Another secret of meteorites

What meteorite secrets do you know?

Safe­ty pre­cau­tions

At­ten­tion! All ex­per­i­ments are per­formed by pro­fes­sion­als. Do not at­tempt.

Process de­scrip­tion

The lamel­lar struc­ture of the me­te­orite is called a Wid­manstät­ten struc­ture. It forms when me­te­orites cool ex­treme­ly slow­ly in space. The met­als that make up the me­te­orite grad­u­al­ly dis­solve in hy­drochlo­ric acid, yield­ing iron(II) chlo­ride, which rapid­ly re­acts with oxy­gen dis­solved in the acid to form iron(III) chlo­ride. Iron(III) chlo­ride re­acts with potas­si­um hex­a­cyano­fer­rate(II) to form a pig­ment known as Prus­sian blue. The added sodi­um flu­o­ride re­acts with iron(III) chlo­ride, af­ter which the iron cations prac­ti­cal­ly stop in­ter­act­ing with oth­er reagents. There­fore, nick­el cations can be de­tect­ed by adding dimethyl­gly­oxime – the so­lu­tion turns pink­ish-red as a new nick­el com­pound forms. When potas­si­um thio­cyanate is added, cobalt cations re­act with it, and the re­sult­ing com­pound turns bu­tan-1-ol blue. Iron, nick­el, and cobalt are met­als with sig­nif­i­cant mag­net­ic prop­er­ties, so a piece of me­te­orite is strong­ly at­tract­ed to a mag­net.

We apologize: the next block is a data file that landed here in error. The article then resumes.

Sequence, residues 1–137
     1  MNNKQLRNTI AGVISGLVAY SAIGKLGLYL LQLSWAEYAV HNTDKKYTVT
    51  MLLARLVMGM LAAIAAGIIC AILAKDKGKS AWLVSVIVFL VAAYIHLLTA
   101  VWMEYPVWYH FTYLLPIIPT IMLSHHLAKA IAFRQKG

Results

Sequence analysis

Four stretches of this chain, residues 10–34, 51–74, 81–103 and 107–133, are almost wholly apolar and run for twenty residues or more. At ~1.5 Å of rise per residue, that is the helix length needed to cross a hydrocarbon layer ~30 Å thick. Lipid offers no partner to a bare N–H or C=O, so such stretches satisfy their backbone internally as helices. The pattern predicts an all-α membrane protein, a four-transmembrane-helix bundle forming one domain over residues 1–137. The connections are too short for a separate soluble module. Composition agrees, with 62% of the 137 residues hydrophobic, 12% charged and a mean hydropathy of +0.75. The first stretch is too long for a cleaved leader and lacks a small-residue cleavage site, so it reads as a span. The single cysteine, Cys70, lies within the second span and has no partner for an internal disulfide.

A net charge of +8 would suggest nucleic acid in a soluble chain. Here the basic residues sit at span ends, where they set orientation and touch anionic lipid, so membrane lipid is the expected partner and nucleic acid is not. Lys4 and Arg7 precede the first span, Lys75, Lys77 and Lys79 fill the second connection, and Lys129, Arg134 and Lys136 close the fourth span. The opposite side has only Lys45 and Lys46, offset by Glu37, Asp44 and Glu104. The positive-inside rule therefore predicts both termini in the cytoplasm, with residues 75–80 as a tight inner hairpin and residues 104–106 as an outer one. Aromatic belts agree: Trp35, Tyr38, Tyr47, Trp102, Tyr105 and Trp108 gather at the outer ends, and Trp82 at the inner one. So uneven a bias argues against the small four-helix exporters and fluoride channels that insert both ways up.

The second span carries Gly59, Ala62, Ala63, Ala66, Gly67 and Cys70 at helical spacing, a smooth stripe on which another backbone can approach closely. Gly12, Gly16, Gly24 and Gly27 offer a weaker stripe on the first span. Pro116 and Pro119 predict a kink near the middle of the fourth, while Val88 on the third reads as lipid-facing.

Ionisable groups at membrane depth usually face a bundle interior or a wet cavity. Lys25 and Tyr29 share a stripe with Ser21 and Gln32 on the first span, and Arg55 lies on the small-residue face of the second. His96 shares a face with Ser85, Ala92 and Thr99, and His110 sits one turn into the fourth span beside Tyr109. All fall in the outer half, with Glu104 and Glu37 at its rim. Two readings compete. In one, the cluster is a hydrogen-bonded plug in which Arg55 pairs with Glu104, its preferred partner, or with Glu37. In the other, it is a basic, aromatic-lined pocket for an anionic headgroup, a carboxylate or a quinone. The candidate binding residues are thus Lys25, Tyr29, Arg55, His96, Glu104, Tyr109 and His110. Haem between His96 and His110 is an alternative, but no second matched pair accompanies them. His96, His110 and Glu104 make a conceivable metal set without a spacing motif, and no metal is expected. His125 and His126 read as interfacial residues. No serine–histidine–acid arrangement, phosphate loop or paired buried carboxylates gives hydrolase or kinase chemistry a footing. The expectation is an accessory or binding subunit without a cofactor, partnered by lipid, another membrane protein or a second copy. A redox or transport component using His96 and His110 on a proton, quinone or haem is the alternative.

More sci­en­tif­ic se­crets await you in the MEL Chem­istry sub­scrip­tion!